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Posted: Sep 24, 2012 | 12:48 PM
by Jared Goldstein

Sept 24th in NYC's HistorySome beginnings and endings, including one made of felt, moxie, and googly eyes.


1625:  Johan de Witt the Dutch statesman and political leader of Holland (1653-72) was born.  He presided during the end of Nieuw Amsterdam. 
But that was not to be the last that New-York City and the British would here from the House of Orange...


1869:  "Black Friday" was precipitated by financiers Jay Gould and James Fisk's attempts to corner the gold market.  Thousands' of fortunes lost on Wall Street as investors panicked.


1896:  F. Scott Fitzgerald born.  He died too soon in 1940.


1921:  Jim McKay, Emmy Award winning Sportscaster on CBS and ABC for decades, born.


1936:  Jim Henson, father of the Muppets, born.



1948:  NYPD Blue Actor Gordon Clapp born.


1957:  The Brooklyn Dodgers play their last Brooklyn home game at Ebbets Field; they beat the Pittsburgh Pirates 2-0.  'Dem Brooklyn Bums' were shipped to LA in a championship era.


1968:  "60 Minutes" premiers on CBS I've watched it all my life, along with Sesame Street at the beginning, on a different channel.


1972:  Joe Namath passes for 496 yards over 15:28 completions leading to six touchdowns, enabling the Jets to beat the Colts 44-34.  Rich Caster caught three of those touchdown passes.  Baltimore must hate Joe Namath.



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Posted: Sep 23, 2012 | 11:49 PM

September 23rd in #NYC #History #Sports   A 'stereotypical' last day at a great stadium and a Soap, a 1st Day nearby in Lincoln Center.

1626:  Peter Minuit is appointed Director General (CEO and/or Governor) of New Amsterdam.  He had recently acquired Manahatta from the local natives for $24 worth of tools and shells.  There is more to that story that I tell on my Downtown and Colonial Tours.

1838:  Victoria Woodhull, who ran for United States president in 1872, 47 years before women could vote, was born.  She had a fascinating life involving being an incredibly wealthy investor, advisor, publisher, and pro-sex feminist.

1889:  Walter Lippmann the newspaper columnist, intellectual, and author who popularized the terms "Cold War" and "stereotype" was born in NYC.  He died here in 1974.

1948:  Edward Bayard Moss, founder and Editor of the Associated Press Sports Department, dies at 74.

1959:  Jason Alexander, "George" from "Seinfeld" born.  New York Code: When you see an actor like Jason around town, you don't greet them as "George."  You would greet him as "Jason" and say "I like your work."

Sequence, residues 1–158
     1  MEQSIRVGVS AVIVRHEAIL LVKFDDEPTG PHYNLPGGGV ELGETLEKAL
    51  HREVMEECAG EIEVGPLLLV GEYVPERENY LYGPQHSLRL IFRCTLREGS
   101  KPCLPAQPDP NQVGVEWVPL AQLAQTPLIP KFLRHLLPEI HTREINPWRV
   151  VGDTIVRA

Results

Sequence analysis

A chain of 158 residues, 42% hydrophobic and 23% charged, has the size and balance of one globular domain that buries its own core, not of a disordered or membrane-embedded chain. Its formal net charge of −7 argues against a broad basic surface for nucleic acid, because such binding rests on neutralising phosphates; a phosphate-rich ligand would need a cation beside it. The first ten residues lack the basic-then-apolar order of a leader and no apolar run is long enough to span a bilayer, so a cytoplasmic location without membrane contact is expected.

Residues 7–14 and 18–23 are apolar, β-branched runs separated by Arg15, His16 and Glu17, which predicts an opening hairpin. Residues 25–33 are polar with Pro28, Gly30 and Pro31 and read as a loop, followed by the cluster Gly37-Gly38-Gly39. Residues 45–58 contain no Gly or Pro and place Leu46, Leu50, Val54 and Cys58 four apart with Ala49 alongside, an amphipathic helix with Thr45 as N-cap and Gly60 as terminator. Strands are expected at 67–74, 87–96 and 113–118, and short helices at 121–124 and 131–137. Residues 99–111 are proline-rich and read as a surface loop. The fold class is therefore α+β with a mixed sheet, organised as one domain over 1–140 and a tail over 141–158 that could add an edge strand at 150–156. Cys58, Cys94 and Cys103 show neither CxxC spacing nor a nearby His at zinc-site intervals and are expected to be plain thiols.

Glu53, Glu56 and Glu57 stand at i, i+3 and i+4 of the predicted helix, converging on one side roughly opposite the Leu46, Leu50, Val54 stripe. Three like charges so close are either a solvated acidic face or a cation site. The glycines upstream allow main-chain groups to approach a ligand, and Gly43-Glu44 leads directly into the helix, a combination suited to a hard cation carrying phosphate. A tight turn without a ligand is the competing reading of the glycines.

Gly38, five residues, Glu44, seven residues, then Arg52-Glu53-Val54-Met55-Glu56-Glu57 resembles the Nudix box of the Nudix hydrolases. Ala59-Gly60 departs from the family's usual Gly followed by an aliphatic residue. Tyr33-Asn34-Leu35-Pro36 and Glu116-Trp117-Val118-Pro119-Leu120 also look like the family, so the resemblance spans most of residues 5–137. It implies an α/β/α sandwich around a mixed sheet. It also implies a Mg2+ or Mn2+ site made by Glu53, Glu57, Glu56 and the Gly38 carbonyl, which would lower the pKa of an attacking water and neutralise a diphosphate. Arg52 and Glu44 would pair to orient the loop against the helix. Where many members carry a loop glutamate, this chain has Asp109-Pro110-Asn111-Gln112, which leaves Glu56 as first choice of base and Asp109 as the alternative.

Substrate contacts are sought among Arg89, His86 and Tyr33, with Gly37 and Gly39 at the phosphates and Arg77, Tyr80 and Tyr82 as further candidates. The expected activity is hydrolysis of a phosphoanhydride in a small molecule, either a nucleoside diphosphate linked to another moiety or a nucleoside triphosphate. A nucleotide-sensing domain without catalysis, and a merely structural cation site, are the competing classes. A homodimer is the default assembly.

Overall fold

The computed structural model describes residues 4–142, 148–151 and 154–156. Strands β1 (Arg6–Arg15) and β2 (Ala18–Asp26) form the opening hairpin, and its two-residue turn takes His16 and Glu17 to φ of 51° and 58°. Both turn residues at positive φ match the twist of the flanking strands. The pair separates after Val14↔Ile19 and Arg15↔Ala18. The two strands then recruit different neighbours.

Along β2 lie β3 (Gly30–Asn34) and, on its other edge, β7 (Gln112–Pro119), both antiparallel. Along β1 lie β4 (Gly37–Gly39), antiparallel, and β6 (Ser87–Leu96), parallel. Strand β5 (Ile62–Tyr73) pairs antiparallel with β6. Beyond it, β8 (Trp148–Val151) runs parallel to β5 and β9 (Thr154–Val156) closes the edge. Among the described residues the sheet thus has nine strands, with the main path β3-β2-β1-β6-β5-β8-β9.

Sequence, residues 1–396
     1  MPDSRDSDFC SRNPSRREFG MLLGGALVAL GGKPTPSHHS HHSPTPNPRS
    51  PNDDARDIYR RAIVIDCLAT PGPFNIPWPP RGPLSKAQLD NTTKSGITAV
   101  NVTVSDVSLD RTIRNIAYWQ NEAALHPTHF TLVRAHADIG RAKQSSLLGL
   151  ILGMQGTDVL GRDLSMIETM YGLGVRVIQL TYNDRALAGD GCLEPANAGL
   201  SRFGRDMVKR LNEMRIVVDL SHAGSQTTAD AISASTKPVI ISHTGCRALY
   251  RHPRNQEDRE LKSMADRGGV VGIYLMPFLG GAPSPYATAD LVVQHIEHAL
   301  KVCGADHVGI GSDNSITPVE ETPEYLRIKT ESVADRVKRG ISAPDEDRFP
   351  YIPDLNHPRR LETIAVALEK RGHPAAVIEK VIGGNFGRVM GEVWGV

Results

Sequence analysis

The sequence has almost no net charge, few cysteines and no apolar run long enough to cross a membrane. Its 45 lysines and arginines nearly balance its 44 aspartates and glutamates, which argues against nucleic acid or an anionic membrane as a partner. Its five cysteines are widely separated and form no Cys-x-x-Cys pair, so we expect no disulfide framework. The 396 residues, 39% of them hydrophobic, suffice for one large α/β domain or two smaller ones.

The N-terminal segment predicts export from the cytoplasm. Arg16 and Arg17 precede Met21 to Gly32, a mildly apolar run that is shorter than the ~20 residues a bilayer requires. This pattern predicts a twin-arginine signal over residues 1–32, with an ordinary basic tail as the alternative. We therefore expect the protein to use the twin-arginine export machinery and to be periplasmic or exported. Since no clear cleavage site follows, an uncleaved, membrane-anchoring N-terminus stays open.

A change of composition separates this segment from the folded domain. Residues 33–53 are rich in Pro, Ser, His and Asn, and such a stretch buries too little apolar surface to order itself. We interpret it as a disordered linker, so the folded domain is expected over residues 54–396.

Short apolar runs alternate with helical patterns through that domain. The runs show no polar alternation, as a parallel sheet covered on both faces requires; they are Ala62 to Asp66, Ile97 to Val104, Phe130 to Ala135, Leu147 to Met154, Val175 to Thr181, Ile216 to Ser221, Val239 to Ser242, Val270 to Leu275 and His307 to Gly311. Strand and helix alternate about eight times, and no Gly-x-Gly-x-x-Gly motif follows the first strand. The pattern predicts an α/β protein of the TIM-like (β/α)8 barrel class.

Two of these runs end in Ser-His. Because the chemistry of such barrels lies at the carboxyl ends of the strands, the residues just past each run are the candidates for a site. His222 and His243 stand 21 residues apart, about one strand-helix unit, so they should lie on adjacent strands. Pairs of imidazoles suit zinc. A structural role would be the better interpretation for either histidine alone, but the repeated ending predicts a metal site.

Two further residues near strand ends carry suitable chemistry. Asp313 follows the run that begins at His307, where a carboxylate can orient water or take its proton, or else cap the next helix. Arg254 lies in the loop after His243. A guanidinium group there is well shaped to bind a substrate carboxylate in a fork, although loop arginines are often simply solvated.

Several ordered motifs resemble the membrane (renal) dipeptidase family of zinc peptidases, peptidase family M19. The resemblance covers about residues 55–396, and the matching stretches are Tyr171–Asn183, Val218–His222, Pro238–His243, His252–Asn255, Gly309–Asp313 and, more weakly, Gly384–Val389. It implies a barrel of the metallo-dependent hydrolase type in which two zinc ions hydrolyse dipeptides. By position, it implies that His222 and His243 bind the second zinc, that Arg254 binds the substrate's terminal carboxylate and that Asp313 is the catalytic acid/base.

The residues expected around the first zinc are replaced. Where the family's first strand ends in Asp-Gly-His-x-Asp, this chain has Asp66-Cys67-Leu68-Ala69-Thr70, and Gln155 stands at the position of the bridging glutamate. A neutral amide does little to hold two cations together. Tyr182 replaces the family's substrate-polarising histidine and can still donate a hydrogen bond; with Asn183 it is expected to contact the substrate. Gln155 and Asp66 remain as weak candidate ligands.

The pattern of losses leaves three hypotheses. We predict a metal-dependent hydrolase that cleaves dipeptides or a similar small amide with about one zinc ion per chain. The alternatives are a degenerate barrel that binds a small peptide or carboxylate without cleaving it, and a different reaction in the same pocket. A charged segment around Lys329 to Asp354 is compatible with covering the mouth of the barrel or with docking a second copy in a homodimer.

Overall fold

1962:  Avery Fisher Philharmonic Hall, opens Lincoln Center.

1973:  NY Football Giants play their final game at Yankee Stadium where they had been since 1956.  They tied at 23 with the Philadelphia Eagles.  They finished their season at the Yale Bowl.  Before Yankee Stadium they were at the Polo Grounds for 31 years.

1987:  Choreographer and director Bob Fosse dies at age 60.

2011:  Soap opera "All My Children" broadcasts its final episode on ABC after 41 years.  ABC's Soap Opera Stages are on 66th Street between Columbus and Central Park West.  Sometimes you see good looking people in their own worlds talking to themselves, learning their lines for that day's show.  They were written the night before.


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Posted: Sep 23, 2012 | 12:52 PM
by Jared Goldstein

Sep 23 #NYC Quote of the Day

Today's NYTimew.com
..economic disparity, especially in New York, is hardly diminishing. Last week, census numbers showed that the median income for the lowest fifth of New Yorkers was $8,844, down $463 from 2010. For the highest, it was $223,285, up $1,919. The wealthiest fifth of Manhattanites made more than 40 times as much as what the lowest fifth reported, a gap that widened over the previous year."

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Posted: Sep 22, 2012 | 6:30 PM
by Jared Goldstein

Sept 22nd #NYC #Poem of the Day

(This one is good for Oyster Fest on Stone St this evening with a chance of rain...)

Storm on Fifth Avenue

A sallow waiter brings me six huge oysters...
Gloom shutters up the sunset with a plaque
Of unpropitious twilight jagged asunder
By flashlight demonstrations.  Gee, what a peach
Of a climate! 
(Pardon slang: these sultry storms
Afflict me with neurosis: rumbling thunder
Shakes my belief in academic forms.)

An oyster-coloured atmospheric rumpus
Beats up to blot the sunken daylight's gildings.
Against the looming cloud-bank, ivory-pale,
Stand twenty-storied blocks of office-buildings.
Snatched upward on a gust, lost news-sheets sail
Forlorn in lone arena of mid-air;
Flapping like melancholy kites, they scare
My gaze, a note of wildness in the scene.

Out on the pattering side-walk, people hurry
For shelter, while the tempest swoops to scurry
Across to Brooklyn.  Bellying figures clutch
At wide-brimmed hats and bend to meet the weather,
Alarmed for fresh-worn silks and fluffed feather.
Then hissing deluge splashes down to beat
The darkly glistening flatness of the street.
Only the cars nose on through rain-lashed twilight:
Only the Sherman Statue, angel-guided,
Maintains its mock-heroic martial gesture.

A sallow waiter brings me beans and pork...
Outside there's fury in the firmament.
Ice-cream, of course, will follow; and I'm content.
O Babylon!  O Carthage!  O New York!


- Siegfried Sassoon  1886-1967
(NYC after World War I)






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Posted: Sep 22, 2012 | 1:01 AM

September 22nd in NYC History:

1776:  Nathan Hale, America's first spy, was hanged after declaring that "I only regret that I have but one life to give for my country,"  He was caught in Brooklyn, near today's City Hall, where he is memorialized by a flattering sculpture, but he was executed somewhere between today's First Ave and 42nd St. and Third Avenue and 65th St. (Three different sources place his execution at three different corners.)